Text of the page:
Factors Affecting The Division Of Personal Injury Settlement During Divorce

Personal injury awards tend to be large amounts of money. Therefore, if you have recently received a settlement check, or you are expecting one soon, it is understandable that you will be concerned how it will be divided during your divorce. 

The Nature of the Damages

Some courts use the nature of the damages to determine how to divide the settlement between the two of you. In such courts, the general rule is to award the settlement to the person who actually suffered the loss. For examples, lost wages is something that affects both spouses, so it is considered marital property and divided between the two of you. On the other hand, pain and suffering award would be given to the injured spouse who actually experienced the pain.

Commingling Of the Settlement with Marital Assets

This factor applies in cases where you have already received the settlement check. In this case, the court may scrutinize where you kept the money, whether you used it, and how you used it. The result of that scrutiny determines whether who gets the money.

For example, if you kept it in a separate bank account, then it may be awarded to the person who actually suffered the injury. However, if you kept it in a joint account where you normally keep all your savings, then it may have commingled with your marital assets, in which case it may be divided between you just like any other marital asset.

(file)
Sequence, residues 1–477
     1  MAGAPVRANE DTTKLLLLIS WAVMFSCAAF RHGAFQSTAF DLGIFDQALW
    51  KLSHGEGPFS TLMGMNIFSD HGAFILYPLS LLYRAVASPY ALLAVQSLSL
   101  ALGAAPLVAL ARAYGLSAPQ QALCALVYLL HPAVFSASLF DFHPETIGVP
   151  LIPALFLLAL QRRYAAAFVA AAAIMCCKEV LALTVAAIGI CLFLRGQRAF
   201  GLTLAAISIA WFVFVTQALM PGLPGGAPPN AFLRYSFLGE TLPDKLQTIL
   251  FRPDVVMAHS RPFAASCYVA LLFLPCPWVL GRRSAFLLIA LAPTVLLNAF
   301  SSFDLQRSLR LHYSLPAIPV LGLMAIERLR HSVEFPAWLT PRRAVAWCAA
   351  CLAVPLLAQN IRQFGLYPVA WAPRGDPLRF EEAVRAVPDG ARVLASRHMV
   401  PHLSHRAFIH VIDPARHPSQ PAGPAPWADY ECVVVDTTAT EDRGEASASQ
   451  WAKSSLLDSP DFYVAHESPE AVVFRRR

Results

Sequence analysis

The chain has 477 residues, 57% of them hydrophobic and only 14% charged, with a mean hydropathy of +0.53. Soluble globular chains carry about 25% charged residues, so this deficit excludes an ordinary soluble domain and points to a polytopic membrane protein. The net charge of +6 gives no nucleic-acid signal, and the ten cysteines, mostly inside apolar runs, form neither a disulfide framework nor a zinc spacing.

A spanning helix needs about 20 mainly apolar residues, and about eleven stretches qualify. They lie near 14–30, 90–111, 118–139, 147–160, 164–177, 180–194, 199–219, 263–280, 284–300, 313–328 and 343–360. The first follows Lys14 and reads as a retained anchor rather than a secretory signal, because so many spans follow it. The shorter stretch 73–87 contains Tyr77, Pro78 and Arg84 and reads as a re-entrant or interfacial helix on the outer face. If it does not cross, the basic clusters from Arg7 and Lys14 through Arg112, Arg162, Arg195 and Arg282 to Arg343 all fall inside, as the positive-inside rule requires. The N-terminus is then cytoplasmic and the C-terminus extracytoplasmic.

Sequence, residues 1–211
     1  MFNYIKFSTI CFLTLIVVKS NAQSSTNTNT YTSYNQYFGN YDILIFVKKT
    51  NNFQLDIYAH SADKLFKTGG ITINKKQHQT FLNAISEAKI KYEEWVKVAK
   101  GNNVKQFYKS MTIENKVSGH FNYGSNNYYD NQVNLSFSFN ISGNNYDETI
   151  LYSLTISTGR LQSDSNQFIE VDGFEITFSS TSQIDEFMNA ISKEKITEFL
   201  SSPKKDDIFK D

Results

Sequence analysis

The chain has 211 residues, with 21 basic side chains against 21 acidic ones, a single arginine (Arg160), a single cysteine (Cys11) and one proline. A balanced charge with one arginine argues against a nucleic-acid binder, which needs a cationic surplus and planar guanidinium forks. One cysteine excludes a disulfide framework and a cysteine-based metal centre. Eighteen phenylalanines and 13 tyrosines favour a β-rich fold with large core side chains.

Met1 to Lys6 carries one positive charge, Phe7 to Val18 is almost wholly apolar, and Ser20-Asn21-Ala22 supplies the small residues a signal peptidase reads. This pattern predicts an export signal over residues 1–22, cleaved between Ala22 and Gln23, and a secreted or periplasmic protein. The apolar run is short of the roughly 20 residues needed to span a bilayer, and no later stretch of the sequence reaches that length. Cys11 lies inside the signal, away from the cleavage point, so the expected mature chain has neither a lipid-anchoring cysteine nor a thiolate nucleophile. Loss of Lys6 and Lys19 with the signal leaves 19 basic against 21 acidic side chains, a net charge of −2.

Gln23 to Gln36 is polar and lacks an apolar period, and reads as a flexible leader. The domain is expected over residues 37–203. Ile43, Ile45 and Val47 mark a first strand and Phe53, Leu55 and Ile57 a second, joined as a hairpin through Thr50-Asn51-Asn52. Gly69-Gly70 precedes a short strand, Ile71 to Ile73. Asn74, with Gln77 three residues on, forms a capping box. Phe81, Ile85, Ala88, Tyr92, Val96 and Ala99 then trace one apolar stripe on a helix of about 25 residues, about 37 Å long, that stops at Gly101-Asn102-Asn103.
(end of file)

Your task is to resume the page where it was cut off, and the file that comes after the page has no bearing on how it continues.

State Laws

A few states have specific laws that deal with personal injury awards during divorce. Division of injury awards in such states may be easy because all you have to do is to follow the state's laws. For example, if the laws state that injury settlements are marital property, then you will divide it just like other marital properties.

When the Accident Occurred

The timing of the accident that caused the injury may also determine how the settlement is divided. In some states, property acquired if you are living separately isn't considered marital property. In such states, this is even more likely if you are living separately because you have decided to divorce. If you are injured during such a separation, then your state laws may result in you getting the injury settlement as part of your separate property.

If you are anticipating a personal injury settlement, prepare in advance to safeguard your interests during property division. For example, you can do this by depositing the settlement check in a separate bank account, so the money doesn't commingle with your marital assets. Your divorce lawyer and injury lawyer can also work together to safeguard your interests if you inform them about your concerns. Contact a law firm, such as Finocchio & English, for more information.     

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